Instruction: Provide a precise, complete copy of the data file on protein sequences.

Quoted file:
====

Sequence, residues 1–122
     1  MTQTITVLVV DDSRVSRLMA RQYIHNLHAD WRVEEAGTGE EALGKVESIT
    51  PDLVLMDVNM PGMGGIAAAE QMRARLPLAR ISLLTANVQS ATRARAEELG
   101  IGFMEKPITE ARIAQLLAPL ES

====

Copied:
Sequence, residues 1–122
     1  MTQTITVLVV DDSRVSRLMA RQYIHNLHAD WRVEEAGTGE EALGKVESIT
    51  PDLVLMDVNM PGMGGIAAAE QMRARLPLAR ISLLTANVQS ATRARAEELG
   101  IGFMEKPITE ARIAQLLAPL ES